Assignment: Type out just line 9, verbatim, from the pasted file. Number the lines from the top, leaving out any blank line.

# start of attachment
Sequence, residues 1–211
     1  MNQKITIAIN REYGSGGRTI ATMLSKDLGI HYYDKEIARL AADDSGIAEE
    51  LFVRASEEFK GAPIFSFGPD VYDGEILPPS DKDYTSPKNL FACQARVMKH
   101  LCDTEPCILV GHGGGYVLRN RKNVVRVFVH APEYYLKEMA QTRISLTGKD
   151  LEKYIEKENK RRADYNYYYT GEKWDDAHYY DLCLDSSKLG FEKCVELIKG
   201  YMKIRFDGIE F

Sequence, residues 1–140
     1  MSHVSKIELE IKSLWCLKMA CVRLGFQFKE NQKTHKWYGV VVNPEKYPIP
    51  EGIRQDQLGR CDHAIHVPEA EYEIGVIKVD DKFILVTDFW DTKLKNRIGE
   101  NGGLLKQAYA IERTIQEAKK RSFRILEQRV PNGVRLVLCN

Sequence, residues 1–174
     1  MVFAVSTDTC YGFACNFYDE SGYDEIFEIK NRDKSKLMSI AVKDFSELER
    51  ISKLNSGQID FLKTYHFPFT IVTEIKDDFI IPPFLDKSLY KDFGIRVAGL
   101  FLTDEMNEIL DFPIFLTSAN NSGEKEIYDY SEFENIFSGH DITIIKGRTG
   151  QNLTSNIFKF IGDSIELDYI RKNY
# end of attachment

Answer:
    51  EGIRQDQLGR CDHAIHVPEA EYEIGVIKVD DKFILVTDFW DTKLKNRIGE